While we monitor the market as a whole, cloud adoption statistics are indicators of market share among the large providers. The ParkMyCloud platform sees a very large volume of data flow through it each day, month, and quarter, and therefore affords an interesting and helpful perspective on our users. When this in turn allows you to examine their usage preferences of other third-party services it can be downright enlightening.

For this post, rather than examining the granular detail of specific user preferences for certain products and services, I thought it might be interesting to roll the numbers up and see what this says about the world of public cloud as a whole. In particular, given we are now at the end of earnings season (see our recent post here ) we thought it would be interesting to compare what we see in our customer base. While obviously we only have a tiny percentage of the overall user base of public cloud, in recent years it has increasingly been my belief that it is fairly representative of the overall market. In fact I would go as far as to say that what we have observed in our data often appears in the public announcements some months later. The big trends such as increased usage of very short lived instances (especially for data analytics workloads) or increased use of custom instances have caught our eye only to be affirmed more broadly by the market.

Some of the things we look at each quarter include:

  • Relative changes in the proportions of customers exclusively using one of our supported cloud providers ;
  • Relative changes in the proportion of customers using multiple clouds (typically two or three different providers); and
  • The total number of accounts each customer has with each provider.

Over the last year or so it has been interesting to see the shifts occurring in the first of these measures – customers making exclusive use of a single cloud. Putting to one side an obvious caveat which is that customers could have other cloud accounts not brought into the PMC platform, we have observed that some 95% of users are exclusively using a single cloud. There have been some shifts in the relative proportions using either AWS and Azure, AWS and GCP and Azure and GCP but the numbers here are so small compared to those using a provider exclusively, that it is hard to draw any strong conclusions.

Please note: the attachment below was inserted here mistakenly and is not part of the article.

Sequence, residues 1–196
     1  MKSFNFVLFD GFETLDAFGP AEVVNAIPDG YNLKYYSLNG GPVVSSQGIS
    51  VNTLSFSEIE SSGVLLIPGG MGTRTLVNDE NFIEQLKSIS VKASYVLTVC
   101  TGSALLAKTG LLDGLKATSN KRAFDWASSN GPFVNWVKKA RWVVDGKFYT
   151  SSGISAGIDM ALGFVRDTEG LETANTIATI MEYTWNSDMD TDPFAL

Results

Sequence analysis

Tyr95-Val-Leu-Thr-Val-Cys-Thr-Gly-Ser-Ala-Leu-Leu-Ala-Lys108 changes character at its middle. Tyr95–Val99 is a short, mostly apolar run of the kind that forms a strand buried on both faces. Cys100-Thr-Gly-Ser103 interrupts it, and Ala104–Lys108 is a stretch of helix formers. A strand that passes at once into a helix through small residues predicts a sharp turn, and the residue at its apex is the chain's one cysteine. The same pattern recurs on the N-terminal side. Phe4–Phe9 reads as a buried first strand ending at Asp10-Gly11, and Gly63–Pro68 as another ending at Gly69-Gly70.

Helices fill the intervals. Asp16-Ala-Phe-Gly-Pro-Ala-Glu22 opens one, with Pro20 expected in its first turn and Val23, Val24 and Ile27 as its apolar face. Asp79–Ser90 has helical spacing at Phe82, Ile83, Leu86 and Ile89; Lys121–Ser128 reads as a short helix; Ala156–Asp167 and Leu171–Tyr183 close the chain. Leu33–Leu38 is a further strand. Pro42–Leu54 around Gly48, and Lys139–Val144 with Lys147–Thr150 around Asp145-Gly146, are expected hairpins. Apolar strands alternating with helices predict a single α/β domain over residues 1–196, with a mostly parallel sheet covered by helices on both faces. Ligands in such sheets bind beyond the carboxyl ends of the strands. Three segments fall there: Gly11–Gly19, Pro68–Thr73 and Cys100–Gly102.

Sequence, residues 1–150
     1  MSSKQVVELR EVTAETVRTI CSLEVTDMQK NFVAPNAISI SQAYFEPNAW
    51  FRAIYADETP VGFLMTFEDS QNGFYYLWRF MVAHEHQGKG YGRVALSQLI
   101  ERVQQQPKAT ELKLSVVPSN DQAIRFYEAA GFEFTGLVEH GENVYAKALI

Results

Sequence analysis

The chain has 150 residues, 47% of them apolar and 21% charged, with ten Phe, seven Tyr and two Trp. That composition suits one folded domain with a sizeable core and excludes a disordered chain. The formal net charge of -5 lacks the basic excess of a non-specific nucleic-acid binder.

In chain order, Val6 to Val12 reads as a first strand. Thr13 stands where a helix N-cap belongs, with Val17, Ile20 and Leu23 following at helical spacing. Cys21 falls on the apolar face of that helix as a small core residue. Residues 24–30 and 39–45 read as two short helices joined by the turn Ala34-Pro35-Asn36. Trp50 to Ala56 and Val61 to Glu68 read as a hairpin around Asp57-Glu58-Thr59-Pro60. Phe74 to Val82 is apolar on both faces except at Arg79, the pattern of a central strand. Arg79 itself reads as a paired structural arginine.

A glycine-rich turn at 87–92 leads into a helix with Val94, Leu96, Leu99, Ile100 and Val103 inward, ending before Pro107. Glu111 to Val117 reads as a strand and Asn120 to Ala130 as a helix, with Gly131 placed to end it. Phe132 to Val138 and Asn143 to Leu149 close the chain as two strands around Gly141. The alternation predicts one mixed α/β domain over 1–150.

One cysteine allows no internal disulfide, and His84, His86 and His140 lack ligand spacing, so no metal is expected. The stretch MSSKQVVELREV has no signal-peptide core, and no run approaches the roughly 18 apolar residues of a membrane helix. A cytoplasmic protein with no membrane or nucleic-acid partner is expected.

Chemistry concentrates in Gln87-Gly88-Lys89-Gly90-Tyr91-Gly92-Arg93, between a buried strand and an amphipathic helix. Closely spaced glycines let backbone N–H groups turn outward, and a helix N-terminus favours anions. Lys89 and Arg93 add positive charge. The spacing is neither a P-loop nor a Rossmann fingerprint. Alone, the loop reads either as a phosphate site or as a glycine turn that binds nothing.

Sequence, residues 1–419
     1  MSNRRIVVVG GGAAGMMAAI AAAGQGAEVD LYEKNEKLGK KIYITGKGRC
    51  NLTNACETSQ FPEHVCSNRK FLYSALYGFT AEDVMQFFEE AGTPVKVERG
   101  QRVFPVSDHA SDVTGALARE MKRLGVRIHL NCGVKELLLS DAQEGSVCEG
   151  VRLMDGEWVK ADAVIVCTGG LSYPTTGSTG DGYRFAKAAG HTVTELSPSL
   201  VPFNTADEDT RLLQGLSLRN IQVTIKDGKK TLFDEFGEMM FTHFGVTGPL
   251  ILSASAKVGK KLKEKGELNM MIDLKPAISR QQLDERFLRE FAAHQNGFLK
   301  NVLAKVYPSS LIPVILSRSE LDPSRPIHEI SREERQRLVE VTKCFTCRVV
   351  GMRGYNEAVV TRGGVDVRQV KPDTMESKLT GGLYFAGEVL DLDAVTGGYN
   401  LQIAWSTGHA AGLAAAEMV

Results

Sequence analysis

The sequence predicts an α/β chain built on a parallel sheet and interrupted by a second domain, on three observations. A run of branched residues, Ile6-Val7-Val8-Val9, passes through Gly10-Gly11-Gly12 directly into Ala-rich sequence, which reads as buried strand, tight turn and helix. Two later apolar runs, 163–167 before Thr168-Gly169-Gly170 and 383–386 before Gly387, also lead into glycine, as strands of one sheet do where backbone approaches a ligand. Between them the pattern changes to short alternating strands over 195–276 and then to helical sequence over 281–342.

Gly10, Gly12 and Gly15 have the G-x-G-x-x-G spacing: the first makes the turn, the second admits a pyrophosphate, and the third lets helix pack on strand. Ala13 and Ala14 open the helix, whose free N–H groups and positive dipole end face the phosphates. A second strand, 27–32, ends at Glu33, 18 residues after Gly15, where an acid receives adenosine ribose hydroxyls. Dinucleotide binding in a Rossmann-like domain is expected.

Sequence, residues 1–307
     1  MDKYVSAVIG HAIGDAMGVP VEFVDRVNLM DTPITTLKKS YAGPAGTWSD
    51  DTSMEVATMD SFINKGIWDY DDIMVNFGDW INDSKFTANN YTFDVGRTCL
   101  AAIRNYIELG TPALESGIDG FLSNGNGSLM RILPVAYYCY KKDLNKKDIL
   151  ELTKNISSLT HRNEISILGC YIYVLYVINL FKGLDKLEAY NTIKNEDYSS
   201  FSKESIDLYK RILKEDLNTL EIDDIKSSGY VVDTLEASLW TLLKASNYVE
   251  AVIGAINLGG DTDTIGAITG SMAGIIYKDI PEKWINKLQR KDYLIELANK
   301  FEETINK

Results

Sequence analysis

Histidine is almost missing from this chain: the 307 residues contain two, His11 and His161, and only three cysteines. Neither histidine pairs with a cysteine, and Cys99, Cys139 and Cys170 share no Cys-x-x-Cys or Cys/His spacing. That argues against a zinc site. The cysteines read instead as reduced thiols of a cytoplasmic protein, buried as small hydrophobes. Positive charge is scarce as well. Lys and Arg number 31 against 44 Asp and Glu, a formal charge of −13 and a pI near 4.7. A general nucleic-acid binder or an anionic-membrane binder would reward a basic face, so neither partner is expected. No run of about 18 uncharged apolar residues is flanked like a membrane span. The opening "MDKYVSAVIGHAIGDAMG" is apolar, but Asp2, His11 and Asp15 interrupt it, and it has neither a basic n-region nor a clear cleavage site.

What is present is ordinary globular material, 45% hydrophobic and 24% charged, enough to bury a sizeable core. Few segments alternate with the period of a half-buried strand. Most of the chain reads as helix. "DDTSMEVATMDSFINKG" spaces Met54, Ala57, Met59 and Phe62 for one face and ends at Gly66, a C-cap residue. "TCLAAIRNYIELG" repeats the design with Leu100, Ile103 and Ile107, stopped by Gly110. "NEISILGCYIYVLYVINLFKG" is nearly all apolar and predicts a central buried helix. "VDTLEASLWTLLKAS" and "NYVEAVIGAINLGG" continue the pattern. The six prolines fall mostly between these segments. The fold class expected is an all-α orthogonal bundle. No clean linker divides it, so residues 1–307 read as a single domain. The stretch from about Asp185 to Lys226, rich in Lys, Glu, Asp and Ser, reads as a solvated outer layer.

Figure 1: Changes in Customers Making Exclusive Use of Cloud Provider (Source: PMC).

However, once again putting the overall representativeness of the PMC user base to one side, we can without doubt see some meaningful changes over the last six quarters in which clouds are being exclusively used by our customers. The chart shown in Figure 1 above, shows the relative changes over the last 18 months, with Q6 being March-May 2020. It is therefore likely that we picked up some of the COVID-19 related shifts, but will see more in the coming quarters.

To show these changes I have rebased the data (Q0) and then looked at the relative changes over the period. So for example, you can see that exclusive Azure users grew their footprint amongst our customer base by some 9.2% by Q5 and ended the period up 6.2%. There is a clear upward trendline for Azure during these last six quarters, versus AWS and GCP which are showing a flat to a slight downward trajectory. As mentioned above the proportion using multiple clouds has stayed fairly static.

It will be interesting to see how these cloud adoption statistic trends play out. Based upon what we are hearing anecdotally from our customers, there has been a lot of growth in the market for Virtual desktop infrastructure (VDI) in the move to remote working, and that Azure have been the largest beneficiary of the shift. With employers increasingly alerting staff to the possible realities of home working throughout the winter months, we think it likely that the trend continues.

Figure 2: Cloud Revenue Growth: AWS, Azure and GCP (Source: Venturebeat)

What we do know from the earnings numbers is that the growth in cloud revenue numbers is slowing down for all three providers with the steepest declines being reported by AWS (although actual earned revenue is still increasing for all three). In such an environment, competition for market share is likely to get even more intense and so monitoring these shifts is likely to become even more important to track.